“The Averys could seldom afford movies; instead, Milton would read aloud at night. When reading to himself, he selected mystery stories, but reading out loud involved the beauty of language, and over the years their reading list included Melville, Proust, Thoreau, Wallace Stevens, and T.S. Eliot—ambitious choices for a man with a relatively limited academic background.”
Excuse the condescension of that final phrase. Enjoyment of such writers has nothing to do with a college degree. Consider Avery’s lovely Poetry Reading from 1957, Summer Reader (1950) and Reclining Reader (1950). His paintings are notably civilized and celebrative, never “subversive.” Hilton Kramer said of Avery, “There is scarcely a more refined aesthetic intelligence in American art than his…” (Milton Avery: Paintings 1930-1960, 1962). Alfred J. Appel would have placed him on “the top, shortest Yes Celebratory Shelf,” with Stevens, Marianne Moore and the painter whose sensibility most resembles Avery’s, Henri Matisse. Look at Avery’s Blue Trees and Matisse’s The Blue Window.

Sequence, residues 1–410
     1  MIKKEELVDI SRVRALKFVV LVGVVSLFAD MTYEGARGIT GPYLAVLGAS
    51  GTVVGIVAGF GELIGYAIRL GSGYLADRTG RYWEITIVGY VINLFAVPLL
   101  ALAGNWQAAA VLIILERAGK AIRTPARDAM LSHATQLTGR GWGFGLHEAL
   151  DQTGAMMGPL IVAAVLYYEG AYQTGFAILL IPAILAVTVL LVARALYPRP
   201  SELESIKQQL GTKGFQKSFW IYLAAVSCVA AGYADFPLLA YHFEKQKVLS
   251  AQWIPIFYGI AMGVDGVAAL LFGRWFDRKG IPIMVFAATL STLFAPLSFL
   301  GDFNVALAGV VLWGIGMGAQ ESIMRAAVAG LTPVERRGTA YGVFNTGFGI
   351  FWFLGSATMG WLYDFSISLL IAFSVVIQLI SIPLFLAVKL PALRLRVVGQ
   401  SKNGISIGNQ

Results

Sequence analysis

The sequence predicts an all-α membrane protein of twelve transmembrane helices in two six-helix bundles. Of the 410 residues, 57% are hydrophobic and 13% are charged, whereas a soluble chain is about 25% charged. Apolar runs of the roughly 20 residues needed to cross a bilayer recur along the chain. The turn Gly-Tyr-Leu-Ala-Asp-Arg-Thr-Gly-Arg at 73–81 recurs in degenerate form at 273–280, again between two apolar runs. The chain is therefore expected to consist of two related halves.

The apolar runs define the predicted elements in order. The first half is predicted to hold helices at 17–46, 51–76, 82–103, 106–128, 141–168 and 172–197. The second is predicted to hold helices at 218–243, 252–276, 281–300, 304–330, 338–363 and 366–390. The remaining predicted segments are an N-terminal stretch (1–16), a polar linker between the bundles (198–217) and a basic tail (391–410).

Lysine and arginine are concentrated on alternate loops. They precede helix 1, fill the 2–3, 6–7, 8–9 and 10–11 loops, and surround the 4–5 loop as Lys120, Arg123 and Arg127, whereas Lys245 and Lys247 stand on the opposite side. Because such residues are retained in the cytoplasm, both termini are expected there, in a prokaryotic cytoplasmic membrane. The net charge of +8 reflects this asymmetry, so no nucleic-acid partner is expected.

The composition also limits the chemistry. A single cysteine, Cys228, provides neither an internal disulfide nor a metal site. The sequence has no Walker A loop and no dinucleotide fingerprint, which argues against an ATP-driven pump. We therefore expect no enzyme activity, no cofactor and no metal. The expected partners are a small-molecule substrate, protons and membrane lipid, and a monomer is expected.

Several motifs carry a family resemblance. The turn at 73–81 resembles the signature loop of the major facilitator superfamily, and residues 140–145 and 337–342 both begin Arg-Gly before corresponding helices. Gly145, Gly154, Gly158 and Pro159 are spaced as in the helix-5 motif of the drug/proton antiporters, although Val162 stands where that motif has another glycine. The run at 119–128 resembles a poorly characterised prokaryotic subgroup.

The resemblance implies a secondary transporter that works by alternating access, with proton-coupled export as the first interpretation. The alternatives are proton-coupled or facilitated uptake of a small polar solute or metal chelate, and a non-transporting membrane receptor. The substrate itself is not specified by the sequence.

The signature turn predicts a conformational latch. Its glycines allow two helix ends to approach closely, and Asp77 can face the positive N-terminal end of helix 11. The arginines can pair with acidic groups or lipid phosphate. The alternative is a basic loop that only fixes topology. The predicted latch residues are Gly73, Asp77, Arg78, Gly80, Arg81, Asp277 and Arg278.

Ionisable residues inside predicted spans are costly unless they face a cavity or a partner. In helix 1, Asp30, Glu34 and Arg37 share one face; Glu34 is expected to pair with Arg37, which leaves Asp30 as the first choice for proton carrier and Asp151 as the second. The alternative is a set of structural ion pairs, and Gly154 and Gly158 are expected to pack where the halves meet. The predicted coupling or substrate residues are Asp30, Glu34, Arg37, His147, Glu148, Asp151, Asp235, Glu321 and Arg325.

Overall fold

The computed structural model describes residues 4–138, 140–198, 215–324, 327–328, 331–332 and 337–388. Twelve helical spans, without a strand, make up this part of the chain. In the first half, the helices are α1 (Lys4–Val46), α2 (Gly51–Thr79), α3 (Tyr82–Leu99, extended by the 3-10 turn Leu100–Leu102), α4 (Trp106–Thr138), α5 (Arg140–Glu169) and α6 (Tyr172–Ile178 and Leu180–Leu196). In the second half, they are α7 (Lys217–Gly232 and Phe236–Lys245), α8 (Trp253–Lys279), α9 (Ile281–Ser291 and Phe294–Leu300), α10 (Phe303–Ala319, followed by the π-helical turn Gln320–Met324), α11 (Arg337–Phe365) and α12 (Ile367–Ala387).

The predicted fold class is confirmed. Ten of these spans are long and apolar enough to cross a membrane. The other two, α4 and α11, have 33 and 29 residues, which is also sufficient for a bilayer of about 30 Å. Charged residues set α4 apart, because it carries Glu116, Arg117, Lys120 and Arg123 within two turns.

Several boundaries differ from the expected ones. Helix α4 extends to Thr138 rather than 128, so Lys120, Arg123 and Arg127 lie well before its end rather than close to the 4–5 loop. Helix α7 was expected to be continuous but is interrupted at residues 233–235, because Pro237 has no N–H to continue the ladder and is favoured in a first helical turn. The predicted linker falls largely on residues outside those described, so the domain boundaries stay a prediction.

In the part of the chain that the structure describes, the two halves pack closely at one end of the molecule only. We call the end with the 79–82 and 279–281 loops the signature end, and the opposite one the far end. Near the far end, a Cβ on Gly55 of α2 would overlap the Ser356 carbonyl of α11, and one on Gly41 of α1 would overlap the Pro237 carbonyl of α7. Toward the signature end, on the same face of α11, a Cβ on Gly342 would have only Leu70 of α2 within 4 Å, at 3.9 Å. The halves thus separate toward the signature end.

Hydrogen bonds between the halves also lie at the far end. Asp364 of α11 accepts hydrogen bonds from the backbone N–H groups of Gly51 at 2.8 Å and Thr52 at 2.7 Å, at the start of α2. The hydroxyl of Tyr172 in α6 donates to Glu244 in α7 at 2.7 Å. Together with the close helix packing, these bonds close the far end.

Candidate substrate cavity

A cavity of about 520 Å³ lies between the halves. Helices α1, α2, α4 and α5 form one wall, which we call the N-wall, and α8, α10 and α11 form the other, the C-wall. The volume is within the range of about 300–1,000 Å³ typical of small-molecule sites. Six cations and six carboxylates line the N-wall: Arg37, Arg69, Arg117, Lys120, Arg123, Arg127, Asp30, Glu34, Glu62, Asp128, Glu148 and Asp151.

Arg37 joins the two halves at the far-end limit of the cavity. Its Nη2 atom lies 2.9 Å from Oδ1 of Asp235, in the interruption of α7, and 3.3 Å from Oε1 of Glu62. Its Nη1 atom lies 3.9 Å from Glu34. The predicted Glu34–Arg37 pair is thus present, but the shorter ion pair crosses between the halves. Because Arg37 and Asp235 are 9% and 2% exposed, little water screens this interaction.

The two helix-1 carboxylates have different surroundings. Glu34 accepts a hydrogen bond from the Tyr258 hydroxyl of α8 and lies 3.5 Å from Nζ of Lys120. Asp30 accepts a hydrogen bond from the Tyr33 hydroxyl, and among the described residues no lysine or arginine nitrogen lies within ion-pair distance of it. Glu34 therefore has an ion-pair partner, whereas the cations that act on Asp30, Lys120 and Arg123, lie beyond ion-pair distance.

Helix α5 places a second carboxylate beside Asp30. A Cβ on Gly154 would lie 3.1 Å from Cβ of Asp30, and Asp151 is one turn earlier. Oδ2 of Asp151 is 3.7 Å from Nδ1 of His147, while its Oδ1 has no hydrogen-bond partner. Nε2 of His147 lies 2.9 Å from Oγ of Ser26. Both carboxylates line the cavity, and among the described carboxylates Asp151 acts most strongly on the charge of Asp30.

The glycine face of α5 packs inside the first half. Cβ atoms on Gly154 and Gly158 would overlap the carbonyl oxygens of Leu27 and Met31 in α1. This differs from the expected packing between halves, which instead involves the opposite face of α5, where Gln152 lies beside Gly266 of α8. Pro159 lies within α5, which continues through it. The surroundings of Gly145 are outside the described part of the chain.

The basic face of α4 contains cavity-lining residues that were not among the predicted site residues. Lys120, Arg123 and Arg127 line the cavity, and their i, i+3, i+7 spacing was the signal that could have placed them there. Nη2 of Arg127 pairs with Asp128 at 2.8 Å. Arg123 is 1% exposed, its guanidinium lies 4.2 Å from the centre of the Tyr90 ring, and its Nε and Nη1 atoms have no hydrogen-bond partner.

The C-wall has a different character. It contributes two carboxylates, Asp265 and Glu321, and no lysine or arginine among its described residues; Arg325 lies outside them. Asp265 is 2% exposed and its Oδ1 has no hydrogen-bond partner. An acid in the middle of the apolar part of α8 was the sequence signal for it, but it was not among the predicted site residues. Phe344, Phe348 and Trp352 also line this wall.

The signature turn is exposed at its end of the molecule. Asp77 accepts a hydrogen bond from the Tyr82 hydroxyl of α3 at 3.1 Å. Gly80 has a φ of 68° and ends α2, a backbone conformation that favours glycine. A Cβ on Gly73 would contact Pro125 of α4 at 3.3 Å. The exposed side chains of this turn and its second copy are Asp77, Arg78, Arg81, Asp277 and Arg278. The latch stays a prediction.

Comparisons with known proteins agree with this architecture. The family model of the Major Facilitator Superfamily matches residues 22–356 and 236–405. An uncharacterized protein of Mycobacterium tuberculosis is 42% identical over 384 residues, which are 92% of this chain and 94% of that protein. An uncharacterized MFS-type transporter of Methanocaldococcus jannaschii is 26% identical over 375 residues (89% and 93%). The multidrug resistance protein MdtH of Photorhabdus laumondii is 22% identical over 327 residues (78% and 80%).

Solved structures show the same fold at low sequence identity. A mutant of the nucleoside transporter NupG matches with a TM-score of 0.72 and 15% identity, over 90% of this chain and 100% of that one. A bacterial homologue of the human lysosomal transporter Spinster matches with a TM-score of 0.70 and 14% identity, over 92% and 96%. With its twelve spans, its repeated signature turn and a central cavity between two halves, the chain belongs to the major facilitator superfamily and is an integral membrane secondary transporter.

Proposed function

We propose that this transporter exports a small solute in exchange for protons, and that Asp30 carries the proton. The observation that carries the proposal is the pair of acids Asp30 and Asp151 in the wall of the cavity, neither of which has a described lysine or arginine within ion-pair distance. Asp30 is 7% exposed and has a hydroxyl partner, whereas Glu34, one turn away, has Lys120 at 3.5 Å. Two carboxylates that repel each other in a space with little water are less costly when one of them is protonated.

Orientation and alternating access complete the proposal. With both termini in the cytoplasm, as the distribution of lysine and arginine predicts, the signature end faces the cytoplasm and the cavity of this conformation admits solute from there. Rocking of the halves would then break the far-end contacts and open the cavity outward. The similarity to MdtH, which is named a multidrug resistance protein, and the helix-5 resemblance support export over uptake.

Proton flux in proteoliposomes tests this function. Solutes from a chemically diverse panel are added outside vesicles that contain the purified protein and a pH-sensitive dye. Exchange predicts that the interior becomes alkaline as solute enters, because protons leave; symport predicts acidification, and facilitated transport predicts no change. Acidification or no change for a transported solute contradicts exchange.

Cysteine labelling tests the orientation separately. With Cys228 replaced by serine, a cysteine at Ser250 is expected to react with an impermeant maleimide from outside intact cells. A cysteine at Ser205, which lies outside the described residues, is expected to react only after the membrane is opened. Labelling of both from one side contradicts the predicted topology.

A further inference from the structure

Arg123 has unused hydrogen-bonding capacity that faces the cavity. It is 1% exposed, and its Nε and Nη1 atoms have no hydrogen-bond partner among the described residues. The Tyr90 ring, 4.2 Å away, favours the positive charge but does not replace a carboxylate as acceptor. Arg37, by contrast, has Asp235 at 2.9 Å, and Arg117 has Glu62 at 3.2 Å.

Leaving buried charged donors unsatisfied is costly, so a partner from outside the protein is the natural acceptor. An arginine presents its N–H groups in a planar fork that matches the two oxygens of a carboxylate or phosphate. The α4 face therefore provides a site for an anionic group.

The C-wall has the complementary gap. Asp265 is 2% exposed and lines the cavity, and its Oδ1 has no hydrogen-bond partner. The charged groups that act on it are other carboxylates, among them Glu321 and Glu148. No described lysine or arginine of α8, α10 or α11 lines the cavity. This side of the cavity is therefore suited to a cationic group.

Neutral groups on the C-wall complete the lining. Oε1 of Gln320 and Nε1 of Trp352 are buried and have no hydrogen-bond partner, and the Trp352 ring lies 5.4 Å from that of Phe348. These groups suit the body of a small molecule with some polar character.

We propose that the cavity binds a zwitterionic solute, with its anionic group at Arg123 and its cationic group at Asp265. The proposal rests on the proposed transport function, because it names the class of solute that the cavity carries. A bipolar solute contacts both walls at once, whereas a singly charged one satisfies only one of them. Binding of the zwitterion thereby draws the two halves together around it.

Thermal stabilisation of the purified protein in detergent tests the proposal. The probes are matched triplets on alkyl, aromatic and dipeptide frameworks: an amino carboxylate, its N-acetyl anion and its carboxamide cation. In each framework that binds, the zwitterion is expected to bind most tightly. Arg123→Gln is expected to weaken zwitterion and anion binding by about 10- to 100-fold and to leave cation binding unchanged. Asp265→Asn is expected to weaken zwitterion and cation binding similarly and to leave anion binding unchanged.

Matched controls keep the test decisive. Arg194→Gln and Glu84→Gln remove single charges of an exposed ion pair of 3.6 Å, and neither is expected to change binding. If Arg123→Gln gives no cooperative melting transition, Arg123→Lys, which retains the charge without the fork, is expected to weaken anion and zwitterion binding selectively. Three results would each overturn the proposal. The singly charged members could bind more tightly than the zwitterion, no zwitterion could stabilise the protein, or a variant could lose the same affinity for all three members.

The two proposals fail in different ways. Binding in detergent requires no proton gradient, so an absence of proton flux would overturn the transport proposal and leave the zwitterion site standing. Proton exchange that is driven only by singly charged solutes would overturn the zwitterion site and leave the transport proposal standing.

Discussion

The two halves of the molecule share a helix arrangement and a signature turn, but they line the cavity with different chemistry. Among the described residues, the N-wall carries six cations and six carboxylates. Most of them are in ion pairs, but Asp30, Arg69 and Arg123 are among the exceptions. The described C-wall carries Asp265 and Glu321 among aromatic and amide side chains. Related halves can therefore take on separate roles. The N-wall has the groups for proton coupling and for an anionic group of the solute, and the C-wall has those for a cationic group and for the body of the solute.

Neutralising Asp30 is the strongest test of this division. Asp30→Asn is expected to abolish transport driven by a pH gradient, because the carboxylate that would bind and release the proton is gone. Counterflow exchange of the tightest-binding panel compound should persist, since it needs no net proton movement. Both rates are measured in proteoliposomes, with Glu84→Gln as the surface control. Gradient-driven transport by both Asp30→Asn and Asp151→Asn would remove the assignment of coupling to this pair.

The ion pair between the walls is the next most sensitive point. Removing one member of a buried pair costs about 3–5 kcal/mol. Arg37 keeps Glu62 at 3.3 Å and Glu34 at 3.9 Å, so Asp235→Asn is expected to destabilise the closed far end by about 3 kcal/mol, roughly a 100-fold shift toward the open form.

About Avery’s connections with Wallace Stevens, Robert Hobbs writes in Milton Avery: The Late Paintings (2001):
“Both had lived for extended periods in or near Hartford, Connecticut; both were committed to the ongoing project of modern art; both had benefitted from substantial and lasting connections with New York City; and incidentally, but not inconsequentially, both had worked for insurance companies, so that practicalities found a place in their poetics.”
“…the listener, who listens in the snow,
And, nothing himself, beholds
Nothing that is not there and the nothing that is."
Avery was born on this date in 1885, in Altmar, N.Y., fifty miles north of Syracuse, and died Jan. 3, 1965. In a tribute to his friend read at Avery’s funeral four days later, Mark Rothko said:
“Avery is first a great poet. His is the poetry of sheer loveliness, of sheer beauty. Thanks to him this kind of poetry has been able to survive in our time.”